Definition of shock noun from the Oxford Advanced Learner's Dictionary



    BrE BrE//ʃɒk//
    ; NAmE NAmE//ʃɑːk//
    Describing hair, Electronics, Injuries, Natural disasters
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  1. 1  [countable, usually singular, uncountable] a strong feeling of surprise as a result of something happening, especially something unpleasant; the event that causes this feeling The news of my promotion came as a shock. He's still in a state of shock. I got a terrible shock the other day. She still hadn't got over the shock of seeing him again. (informal) If you think the job will be easy, you're in for a shock. Losing in the first round was a shock to the system (= it was more of a shock because it was not expected). The team suffered a shock defeat in the first round. When I added up the cost it gave me quite a shock. see also culture shock
  2. medical
  3. 2  [uncountable] a serious medical condition, usually the result of injury in which a person has lost a lot of blood and they are extremely weak She was taken to hospital suffering from shock. He isn’t seriously injured but he is in (a state of) shock. see also shell shock, toxic shock syndrome See related entries: Injuries
  4. violent shaking
  5. 3  [countable, uncountable] a violent shaking movement that is caused by an explosion, earthquake, etc. The shock of the explosion could be felt up to six miles away. The bumper absorbs shock on impact. See related entries: Natural disasters
  6. from electricity
  7. 4  [countable] = electric shock Don't touch that wire or you'll get a shock. See related entries: Electronics
  8. of hair
  9. 5a thick mass of hair on a person’s head She's a large plump woman with a shock of red hair. See related entries: Describing hair
  10. Word Originnoun senses 1 to 4 mid 16th cent.: from French choc (noun), choquer (verb), of unknown origin. The original senses were ‘throw (troops) into confusion by charging at them’ and ‘an encounter between charging forces’, giving rise to the notion of ‘sudden violent blow or impact’. noun sense 5 mid 17th cent.: origin uncertain; compare with obsolete shough, denoting a breed of lapdog. The word originally denoted a dog with long shaggy hair, and was then used as an adjective meaning ‘unkempt, shaggy’. The current sense dates from the early 19th cent.Extra examples Drivers could be in for a nasty shock when they see the cost of renewing their insurance policies. He gave himself a mild electric shock while changing a light bulb. He had gone into shock and was shaking violently. He was in deep shock after the accident. I got a terrible shock when I saw him. I got the shock of my life when she told me she was pregnant. I nearly died of shock when your mother appeared. I think I’m still in a state of shock. If you think it’s going to be easy you’re in for a shock! Imagine my shock when I saw them kissing! It was a bit of a culture shock when I first came to this country. Once the initial shock had worn off, I got to like my new hairstyle. She felt shock that he would be capable of such an act. She looked around in shock. She realized with a sudden shock that she was being followed. The article reports on a celebrity who—shock horror—has gained weight! The guards would administer electric shocks to the inmates. The low salaries came as something of a shock to her system. The news sent shock waves through the financial markets. The scene was clearly added for shock value. This news came as a great shock to me. United suffered a shock defeat to Norwich. her shock on seeing him with another woman soldiers suffering from shell shock He’s still in shock. It was a shock to see her looking so pale. Losing in the first round was a shock to the system. Since winning the competition, we’ve all been a state of shock. The news of his death came as a shock to us all.Idioms (British English, informal, often humorous) used when you pretend to be shocked by something that is not really very serious or surprising see also shock-horror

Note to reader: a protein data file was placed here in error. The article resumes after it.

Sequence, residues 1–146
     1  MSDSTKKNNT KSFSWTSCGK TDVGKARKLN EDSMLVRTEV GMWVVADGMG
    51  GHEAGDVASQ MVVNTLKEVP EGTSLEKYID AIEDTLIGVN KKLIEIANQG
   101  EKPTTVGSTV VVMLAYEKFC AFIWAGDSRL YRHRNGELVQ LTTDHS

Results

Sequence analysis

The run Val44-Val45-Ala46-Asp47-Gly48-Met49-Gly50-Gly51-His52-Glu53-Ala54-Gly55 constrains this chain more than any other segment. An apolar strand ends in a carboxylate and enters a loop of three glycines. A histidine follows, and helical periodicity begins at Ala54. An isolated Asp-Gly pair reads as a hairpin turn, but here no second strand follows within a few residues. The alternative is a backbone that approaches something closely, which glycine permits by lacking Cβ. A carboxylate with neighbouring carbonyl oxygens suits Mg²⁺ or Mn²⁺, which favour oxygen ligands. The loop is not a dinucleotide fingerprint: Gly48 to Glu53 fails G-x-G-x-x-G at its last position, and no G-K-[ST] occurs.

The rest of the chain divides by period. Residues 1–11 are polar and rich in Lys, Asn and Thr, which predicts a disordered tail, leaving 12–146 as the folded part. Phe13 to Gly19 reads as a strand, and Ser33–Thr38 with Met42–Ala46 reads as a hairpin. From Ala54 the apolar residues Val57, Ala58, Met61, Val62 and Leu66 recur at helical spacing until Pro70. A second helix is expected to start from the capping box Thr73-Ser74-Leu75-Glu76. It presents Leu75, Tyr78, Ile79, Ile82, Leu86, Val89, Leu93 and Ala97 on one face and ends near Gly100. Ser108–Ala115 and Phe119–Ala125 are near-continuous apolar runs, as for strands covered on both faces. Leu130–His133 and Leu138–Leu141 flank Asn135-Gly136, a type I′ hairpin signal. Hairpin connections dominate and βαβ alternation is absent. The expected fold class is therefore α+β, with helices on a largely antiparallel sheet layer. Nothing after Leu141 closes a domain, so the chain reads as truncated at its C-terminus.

See the Oxford Advanced American Dictionary entry: shock